4 Ways to Achieve a Vigourous Crop

Seedlings from a foot of row seeded at 3 mph.

Seedlings from a foot of row seeded at 3 mph.

As seeding approaches, one of the most common topics I hear discussed is vigour.  A vigourous plant stand comes from a healthy seed that is out of the ground and competing in a timely fashion. This can mean fewer days to maturity, quicker ground cover, better weed competition, a more robust rooting system better able to scavenge for nutrients and the list goes on and on. The trick to making a crop more vigourous isn’t always just one thing, it can be the combination of two or more strong agronomic practices. (A vigorous crop is not to be confused with a seed vigour test — a measure of germination under less than ideal conditions).

Here are a few of the things you can do this spring to make your crop more vigourous:

Seed Quality/Depth: Starting the season off with clean, high germ and high vigour seed is one of the simplest ways to get your crop started off right. High disease and a low vigour means those seeds have a lot to overcome before making their way to the soil surface. Secondly, the most simple way to increase vigour is put those seeds at the ideal depth! Sometimes going a bit deeper to hit moisture is necessary, but if you seed too deep when there is adequate moisture you are hurting vigour. Think about how tiny a seed is — each seed as a limited amount of energy. It takes more energy to emerge from 2″ down, than from 1″.

A Safe Rate of Seed Placed Phosphorous: Phosphorous (P) has been shown to cause a “pop up effect” when it is placed in the seed row with the seed. P is key early in the season for energy production in the plant which drives root and shoot growth. This ensures the plant is rapidly growing and gets out of the ground in a timely fashion. Be sure to reference the safe seed placed fertilizer charts because too much P can actually hinder emergence.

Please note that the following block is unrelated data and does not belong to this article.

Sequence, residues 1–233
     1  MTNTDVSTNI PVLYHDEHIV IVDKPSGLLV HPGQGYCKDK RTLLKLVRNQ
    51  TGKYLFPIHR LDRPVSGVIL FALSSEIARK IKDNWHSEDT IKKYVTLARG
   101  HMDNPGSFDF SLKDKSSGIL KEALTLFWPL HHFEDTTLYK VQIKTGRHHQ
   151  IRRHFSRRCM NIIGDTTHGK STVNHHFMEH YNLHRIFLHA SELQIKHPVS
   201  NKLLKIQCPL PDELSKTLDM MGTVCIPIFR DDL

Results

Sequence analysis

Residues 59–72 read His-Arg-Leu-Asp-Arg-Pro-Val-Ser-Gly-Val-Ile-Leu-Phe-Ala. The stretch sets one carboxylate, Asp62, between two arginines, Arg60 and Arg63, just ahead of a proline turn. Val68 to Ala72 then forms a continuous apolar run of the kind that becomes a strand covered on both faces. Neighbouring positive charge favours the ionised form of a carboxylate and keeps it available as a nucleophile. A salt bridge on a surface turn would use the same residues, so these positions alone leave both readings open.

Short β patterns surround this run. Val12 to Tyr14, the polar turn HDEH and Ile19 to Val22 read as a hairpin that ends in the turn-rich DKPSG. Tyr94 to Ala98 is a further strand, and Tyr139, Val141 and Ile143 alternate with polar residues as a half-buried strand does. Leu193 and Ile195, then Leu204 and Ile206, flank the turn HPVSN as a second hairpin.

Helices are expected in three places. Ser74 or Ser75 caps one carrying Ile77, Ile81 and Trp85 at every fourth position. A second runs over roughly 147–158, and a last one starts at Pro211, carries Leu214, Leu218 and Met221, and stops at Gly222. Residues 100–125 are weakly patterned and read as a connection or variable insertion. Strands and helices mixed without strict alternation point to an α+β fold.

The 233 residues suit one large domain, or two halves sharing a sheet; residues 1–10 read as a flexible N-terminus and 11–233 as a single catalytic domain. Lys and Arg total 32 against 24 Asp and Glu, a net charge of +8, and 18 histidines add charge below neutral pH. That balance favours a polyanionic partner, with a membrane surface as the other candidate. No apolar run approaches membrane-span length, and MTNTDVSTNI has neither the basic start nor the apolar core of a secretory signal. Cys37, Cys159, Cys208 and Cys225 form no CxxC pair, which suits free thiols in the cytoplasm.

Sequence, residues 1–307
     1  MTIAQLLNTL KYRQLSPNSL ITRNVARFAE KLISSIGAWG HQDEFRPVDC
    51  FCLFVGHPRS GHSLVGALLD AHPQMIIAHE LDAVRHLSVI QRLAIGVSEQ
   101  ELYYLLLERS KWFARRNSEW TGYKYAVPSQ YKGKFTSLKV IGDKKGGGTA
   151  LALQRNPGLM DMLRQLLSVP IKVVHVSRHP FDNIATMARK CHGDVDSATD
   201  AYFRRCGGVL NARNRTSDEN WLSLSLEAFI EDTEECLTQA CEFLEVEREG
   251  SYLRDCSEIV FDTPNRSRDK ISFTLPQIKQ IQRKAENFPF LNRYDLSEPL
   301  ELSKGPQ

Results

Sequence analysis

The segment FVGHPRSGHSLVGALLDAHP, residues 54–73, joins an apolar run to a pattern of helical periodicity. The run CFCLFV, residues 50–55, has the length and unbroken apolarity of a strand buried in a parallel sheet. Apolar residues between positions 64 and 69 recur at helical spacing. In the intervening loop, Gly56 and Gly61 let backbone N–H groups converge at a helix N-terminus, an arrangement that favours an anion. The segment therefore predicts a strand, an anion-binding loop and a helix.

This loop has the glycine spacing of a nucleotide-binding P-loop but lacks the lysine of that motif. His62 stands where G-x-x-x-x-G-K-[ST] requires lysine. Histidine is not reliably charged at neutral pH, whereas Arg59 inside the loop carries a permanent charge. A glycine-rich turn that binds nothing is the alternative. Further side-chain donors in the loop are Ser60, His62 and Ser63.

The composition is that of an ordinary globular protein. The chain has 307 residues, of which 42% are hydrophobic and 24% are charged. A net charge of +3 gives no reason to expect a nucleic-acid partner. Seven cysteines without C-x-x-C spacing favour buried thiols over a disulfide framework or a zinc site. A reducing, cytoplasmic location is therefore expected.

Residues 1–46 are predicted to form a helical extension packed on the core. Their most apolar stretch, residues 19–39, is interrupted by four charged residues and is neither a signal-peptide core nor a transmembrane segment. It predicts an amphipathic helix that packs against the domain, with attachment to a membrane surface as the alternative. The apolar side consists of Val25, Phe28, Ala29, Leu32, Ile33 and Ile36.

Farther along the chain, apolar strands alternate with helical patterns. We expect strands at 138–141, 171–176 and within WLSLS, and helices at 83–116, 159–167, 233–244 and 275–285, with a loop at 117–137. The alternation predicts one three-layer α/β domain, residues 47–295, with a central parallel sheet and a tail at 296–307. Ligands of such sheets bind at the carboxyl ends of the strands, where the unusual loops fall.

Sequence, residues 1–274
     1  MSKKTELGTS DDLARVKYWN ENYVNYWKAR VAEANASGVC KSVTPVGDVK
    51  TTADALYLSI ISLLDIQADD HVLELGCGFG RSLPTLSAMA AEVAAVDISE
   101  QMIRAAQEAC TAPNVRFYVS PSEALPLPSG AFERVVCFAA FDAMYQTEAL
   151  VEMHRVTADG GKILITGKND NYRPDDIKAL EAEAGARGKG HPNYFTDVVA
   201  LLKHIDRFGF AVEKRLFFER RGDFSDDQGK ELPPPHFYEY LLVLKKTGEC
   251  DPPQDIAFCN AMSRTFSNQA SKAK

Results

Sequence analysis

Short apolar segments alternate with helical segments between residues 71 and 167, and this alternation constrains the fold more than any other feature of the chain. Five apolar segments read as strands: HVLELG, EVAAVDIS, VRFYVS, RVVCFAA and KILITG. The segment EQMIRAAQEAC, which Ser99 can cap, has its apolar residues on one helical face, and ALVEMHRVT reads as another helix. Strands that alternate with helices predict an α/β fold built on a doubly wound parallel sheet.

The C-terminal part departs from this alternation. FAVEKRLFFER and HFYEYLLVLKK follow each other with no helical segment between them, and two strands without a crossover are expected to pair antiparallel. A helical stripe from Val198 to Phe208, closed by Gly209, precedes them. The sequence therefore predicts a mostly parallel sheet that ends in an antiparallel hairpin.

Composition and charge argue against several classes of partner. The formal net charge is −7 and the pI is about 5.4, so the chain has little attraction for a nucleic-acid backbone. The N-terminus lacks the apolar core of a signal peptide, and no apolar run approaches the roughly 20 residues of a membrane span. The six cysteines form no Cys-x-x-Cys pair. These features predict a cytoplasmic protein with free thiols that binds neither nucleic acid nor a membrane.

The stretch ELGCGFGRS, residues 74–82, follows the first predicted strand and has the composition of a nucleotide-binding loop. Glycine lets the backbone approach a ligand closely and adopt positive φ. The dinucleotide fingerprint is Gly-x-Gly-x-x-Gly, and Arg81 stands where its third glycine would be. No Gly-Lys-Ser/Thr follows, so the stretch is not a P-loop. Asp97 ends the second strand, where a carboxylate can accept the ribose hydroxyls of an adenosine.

Seed Treatment: As discussed earlier, disease can be a big detriment to the vigour of crops, a properly chosen seed treatment can give you a big boost to crop establishment. This can even be the case when you start the season off with high quality, disease-free seed. There are many diseases that run rampant in our soil that aren’t on our seed and many seed treatments do a great job of controlling these as well. Tough seeding conditions — colder than ideal soil, a wet spring — can mean a slow emergence; even healthy seed may need protection.

Consider a Seed Dressing: Seed dressings, in the form of beneficial bacteria or nutrients to make up for nutrient deficiencies in the seed/soil, may also have a fit. The bacteria can increase availability of phosphorous or other nutrients and get that plant motoring along on the path to high yields. There are also products that include small amounts of nutrients like zinc, manganese or calcium that are helpful in early season plant growth. When a plant is rapidly growing early it is trying to suck up a lot of nutrients from a developing root system so these types of products can really get that crop popping up in a stressful situation. (Click here to see a video on a 3-point plan to using micronutrients).

Having a crop that gets off to a great start is a huge benefit in achieving big yields; make sure you are doing at least a couple of these things this spring to help your crop reach the target you have set out for it.

Click here for past agronomy columns from Shane Thomas!

GMAC 300-250

 

 

Shane Thomas

Shane Thomas is an agronomist with G-Mac’s AgTeam in West Central Saskatchewan. He grew up in Kindersley, Sask and went on to obtain his Diploma in Plant and Soil Science from Lethbridge College and a Degree in Agricultural Economics from the University of Lethbridge in 2012. Shane enjoys playing sports, hanging out with friends, keeping up with the economy and reading in his spare time. Find him on Twitter: @ShaneAgronomy and his blog at: http://shaneagronomy.blogspot.ca/

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